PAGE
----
On Monday James Harris Jackson of Baltimore stabbed Timothy Coughman to death in New York. After turning himself in, he told police a chilling tale that this was just “Practice” for his future murderous plans. Thursday Jackson was arraigned on second-degree murder as well as a weapons charge but after hearing that this was just a precursor to what he had planned next and that this crime was racially motivated the charges may be upgraded.

Victim selected by his race

After being stabbed repeatedly, 66-year-old Timothy Coughman managed to make his way to a nearby police station where he was rushed to a hospital and pronounced dead.

Once in custody, Jackson told police that he selected Coughman because he was black and that he would be “practice” for him. Joan Illuzzi-Orbon, the prosecutor, stated that the charge could be changed to first-degree murder due to the racial motivation, planning and future plans of the suspect.

According to the reports, Jackson stated that after killing Coughman he had plans to head to Times Square so that he could kill more black men. NYPD Assistant Chief, Bill Aubry, noted in a statement that Jackson has admitted to having feelings of hate and aggression toward black men for over 10 years and that he clearly had a plan and knew what he was doing. A sword and two knives were in Jackson's possession the night of the murder.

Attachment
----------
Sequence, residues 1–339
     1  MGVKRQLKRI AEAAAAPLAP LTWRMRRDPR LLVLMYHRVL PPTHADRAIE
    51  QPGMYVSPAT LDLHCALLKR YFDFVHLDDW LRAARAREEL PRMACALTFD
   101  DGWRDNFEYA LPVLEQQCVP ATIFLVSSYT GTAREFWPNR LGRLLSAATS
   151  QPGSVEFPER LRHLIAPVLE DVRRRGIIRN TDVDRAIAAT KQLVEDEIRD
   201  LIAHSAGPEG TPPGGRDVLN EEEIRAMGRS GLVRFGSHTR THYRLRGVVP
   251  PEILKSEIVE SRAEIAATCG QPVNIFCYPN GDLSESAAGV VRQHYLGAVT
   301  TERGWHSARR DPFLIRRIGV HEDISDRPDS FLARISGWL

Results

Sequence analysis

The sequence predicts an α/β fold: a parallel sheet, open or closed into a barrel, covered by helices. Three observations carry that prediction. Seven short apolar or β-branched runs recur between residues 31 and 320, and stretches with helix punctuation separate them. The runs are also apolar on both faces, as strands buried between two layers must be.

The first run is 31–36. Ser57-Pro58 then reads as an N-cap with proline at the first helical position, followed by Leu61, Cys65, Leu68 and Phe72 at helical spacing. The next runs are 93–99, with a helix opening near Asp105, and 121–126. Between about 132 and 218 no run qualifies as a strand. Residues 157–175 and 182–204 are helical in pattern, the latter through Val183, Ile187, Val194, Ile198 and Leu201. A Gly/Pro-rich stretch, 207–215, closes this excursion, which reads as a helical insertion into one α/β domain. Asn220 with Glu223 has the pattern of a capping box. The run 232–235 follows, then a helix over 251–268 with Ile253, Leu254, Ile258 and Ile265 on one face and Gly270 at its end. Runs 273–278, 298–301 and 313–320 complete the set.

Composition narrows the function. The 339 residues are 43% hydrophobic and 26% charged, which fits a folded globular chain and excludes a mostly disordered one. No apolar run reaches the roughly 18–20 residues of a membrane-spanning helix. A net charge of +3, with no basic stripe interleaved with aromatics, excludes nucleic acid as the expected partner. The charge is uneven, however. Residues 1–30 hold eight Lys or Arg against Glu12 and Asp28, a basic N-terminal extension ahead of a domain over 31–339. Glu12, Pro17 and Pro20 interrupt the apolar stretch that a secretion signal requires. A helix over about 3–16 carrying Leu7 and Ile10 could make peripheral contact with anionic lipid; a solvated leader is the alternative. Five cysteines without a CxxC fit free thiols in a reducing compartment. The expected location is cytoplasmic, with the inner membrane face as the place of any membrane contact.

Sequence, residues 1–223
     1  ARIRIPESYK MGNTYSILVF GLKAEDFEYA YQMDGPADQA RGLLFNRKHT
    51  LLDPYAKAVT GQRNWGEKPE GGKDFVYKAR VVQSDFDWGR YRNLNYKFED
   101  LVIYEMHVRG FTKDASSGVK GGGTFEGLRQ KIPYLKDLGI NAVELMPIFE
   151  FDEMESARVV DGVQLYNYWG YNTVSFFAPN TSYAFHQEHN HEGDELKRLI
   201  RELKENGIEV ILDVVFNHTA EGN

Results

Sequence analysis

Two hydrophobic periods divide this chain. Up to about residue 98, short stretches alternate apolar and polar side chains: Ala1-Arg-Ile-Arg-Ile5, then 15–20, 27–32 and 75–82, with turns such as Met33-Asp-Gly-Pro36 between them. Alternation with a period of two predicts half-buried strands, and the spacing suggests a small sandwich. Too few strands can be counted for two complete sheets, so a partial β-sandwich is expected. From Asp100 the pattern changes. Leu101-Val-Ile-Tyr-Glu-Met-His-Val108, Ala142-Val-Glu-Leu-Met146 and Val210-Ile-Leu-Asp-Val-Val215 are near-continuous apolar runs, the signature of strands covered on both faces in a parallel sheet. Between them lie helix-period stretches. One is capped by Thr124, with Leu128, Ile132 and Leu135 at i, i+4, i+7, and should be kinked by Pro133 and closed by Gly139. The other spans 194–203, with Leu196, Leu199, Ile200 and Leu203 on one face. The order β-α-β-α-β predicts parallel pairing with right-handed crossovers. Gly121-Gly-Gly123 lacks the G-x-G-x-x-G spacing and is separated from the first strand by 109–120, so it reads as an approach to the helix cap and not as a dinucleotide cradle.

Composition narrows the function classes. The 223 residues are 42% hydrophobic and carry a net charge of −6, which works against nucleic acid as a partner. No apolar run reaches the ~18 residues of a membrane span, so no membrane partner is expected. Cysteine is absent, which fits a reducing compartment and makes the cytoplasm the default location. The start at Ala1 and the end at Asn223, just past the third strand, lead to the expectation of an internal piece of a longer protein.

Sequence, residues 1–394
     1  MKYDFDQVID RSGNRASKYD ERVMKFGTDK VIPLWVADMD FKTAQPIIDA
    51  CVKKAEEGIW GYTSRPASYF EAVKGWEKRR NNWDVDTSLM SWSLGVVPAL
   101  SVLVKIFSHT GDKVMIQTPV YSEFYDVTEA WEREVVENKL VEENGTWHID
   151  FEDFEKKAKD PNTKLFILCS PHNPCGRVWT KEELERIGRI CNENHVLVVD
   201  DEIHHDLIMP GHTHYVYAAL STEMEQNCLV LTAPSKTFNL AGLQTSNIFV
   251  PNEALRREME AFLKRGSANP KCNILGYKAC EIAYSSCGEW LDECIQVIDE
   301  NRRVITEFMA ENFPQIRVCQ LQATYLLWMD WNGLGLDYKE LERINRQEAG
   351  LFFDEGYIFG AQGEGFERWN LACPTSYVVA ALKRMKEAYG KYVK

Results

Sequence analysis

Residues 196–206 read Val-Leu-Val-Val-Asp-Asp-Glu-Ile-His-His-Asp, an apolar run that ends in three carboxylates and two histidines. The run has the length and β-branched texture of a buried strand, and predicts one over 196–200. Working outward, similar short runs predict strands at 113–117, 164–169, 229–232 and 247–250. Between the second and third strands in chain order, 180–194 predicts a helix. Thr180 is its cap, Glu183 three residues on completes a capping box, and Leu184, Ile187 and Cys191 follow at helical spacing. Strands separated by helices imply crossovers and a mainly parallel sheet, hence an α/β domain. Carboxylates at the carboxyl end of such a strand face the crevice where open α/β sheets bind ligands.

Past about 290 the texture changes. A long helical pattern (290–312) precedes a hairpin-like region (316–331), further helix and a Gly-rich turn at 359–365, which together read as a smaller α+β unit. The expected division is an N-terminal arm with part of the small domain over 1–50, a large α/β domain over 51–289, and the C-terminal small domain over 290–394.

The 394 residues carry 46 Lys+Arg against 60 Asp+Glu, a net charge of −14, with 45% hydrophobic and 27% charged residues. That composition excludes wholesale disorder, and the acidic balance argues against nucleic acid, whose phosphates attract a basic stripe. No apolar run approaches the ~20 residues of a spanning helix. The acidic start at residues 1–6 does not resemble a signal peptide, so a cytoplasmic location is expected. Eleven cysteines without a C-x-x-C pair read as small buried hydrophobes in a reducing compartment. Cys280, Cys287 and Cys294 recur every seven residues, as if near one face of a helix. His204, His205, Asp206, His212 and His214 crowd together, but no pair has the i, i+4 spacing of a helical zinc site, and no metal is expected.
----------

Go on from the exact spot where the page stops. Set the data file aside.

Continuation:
He told police that he brought them in order to carry out his plans. At this time Jackson's attorney, Sanford Talkin, has not made any statements.

An unspeakable tragedy

Those who knew the victim, Timothy Coughman, are deeply saddened and grieving the loss of a dear friend. He was known as a collector of autographs as well as a can and bottle recycler.

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People who live in the same neighborhood as Coughman have described him as being “a good man” and find themselves not only sad but frightened by Jackson's actions and statements.

In a statement the New York City Mayor, Bill de Blasio, said “more than an unspeakable human tragedy, this is an assault on what makes this the greatest city in the world: our inclusiveness and our diversity.” Large cities across the nation are complex and diverse in both race and culture, making this hate crime painful to the country as a whole.